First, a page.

Journal article Open Access

The evolution of forearc structures along an oblique convergent margin, central Aleutian Arc

Ryan, Holly F.; Scholl, David W.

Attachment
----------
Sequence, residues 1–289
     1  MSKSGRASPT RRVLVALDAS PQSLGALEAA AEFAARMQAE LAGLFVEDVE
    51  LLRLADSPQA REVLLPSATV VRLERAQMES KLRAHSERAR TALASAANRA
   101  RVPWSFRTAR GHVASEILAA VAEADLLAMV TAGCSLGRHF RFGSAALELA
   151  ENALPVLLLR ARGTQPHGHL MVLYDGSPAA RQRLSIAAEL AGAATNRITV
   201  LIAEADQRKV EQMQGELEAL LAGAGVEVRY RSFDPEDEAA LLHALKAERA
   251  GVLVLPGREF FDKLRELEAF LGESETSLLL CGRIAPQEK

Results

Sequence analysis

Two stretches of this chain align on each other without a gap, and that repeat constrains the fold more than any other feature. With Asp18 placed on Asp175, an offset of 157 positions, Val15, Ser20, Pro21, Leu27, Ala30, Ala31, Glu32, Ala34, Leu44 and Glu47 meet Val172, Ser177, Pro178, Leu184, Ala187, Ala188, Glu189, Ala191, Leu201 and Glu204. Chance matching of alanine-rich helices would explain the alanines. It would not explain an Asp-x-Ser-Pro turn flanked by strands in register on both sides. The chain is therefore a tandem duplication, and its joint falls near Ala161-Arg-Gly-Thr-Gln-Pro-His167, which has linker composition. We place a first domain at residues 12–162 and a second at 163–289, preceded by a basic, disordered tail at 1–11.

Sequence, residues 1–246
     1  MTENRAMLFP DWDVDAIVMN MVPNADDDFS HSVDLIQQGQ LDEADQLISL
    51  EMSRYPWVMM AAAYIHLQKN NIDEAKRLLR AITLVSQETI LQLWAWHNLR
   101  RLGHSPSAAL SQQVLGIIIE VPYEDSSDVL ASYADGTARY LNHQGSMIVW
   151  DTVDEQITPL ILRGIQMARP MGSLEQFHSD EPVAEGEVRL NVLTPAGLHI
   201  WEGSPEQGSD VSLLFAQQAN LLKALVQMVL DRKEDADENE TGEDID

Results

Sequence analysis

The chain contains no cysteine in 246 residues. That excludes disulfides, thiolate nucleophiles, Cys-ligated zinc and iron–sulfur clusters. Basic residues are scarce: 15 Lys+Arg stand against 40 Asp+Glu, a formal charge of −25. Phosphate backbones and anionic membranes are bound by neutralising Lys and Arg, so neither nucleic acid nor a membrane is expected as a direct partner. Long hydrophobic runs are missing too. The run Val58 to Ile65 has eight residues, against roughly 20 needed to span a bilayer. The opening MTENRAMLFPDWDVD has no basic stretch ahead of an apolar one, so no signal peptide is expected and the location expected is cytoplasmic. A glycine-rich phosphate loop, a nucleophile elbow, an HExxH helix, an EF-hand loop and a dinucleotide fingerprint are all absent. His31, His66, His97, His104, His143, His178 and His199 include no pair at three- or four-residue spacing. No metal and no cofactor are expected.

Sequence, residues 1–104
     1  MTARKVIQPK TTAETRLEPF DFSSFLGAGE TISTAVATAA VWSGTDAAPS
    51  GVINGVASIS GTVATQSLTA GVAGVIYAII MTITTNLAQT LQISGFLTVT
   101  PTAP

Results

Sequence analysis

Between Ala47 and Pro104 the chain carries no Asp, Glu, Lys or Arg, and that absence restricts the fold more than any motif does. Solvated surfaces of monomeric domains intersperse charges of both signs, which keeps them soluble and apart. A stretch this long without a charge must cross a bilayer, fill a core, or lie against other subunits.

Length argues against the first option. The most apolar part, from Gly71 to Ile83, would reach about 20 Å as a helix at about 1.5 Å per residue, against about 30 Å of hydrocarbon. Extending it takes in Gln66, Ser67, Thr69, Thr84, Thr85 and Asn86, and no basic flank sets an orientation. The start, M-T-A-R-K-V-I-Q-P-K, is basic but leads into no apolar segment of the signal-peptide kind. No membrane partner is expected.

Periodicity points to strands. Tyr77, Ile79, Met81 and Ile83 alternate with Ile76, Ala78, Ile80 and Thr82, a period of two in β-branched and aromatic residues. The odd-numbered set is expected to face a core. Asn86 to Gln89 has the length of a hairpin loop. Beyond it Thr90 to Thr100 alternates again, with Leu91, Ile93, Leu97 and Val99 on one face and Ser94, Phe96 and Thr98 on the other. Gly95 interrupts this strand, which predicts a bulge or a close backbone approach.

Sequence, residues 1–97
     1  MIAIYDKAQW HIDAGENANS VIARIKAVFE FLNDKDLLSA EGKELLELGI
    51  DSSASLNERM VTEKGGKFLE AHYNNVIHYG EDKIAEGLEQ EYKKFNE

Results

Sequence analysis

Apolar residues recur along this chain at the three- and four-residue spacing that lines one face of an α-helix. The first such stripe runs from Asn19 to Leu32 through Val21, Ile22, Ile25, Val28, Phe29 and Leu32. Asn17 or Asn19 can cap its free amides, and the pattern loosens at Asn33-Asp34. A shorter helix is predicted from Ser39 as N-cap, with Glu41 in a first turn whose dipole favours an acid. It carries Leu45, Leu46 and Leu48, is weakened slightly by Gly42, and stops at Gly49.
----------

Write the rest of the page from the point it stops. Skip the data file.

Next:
Multichannel seismic reflection data were used to determine the evolutionary history of the forearc region of the central Aleutian Ridge. Since at least late Miocene time this sector of the ridge has been obliquely underthrust 30° west of orthogonal convergence by the northwestward converging Pacific plate at a rate of 80–90 km/m.y. Our data indicate that prior to late Eocene time the forearc region was composed of rocks of the arc massif thinly mantled by slope deposits; the forearc region probably lacked both major depositional basins and a tectonically attached accretionary prism of offscraped oceanic deposits. Beginning in latest Miocene or earliest Pliocene time, a zone of outer‐arc structural highs and a forearc basin began to form. Formation of these companion intraarc structures may be linked to the late Neogene growth of an accretionary wedge that formed as the result of the deposition of a thick turbidite wedge in the Aleutian Trench. Initial structures of the zone of outer‐arc highs formed as the thickening wedge underran, compressively deformed, and uplifted the seaward edge of the arc massif above a landward dipping backstop thrust. Forearc basin strata ponded arcward of the elevating zone of outer‐arc highs. However, most younger structures of the zone of outer‐arc highs cannot be ascribed simply to the orthogonal effects of an underrunning wedge. Oblique convergence created a major right‐lateral shear zone (the Hawley Ridge shear zone) that longitudinally disrupted the zone of outer‐arc highs, truncating the seaward flank of the forearc basin and shearing the southern limb of Hawley Ridge, an exceptionally large antiformal outer‐arc high structure. Slivers of forearc basement rocks and overlying strata have been transported along the shear zone that is flanked by differentially elevated structures attributed to localized transpressive and transtensional processes. Uplift of Hawley Ridge may be related to the thickening of the arc massif by westward directed basement duplexes. In addition, the forearc is disrupted by structures transverse to the margin that occur where unusually high‐stress accumulations have resulted in the rupture of repeated great earthquakes. It is likely that many ancient active margins evolved in tectonic and depositional settings similar to those of the central Aleutian Ridge. Great structural complexity, including the close juxtaposition of coeval structures recording compression, extension, differential vertical movements, and strike‐slip displacement, should be expected, even within areas of generally kindred tectonostratigraphic terranes.

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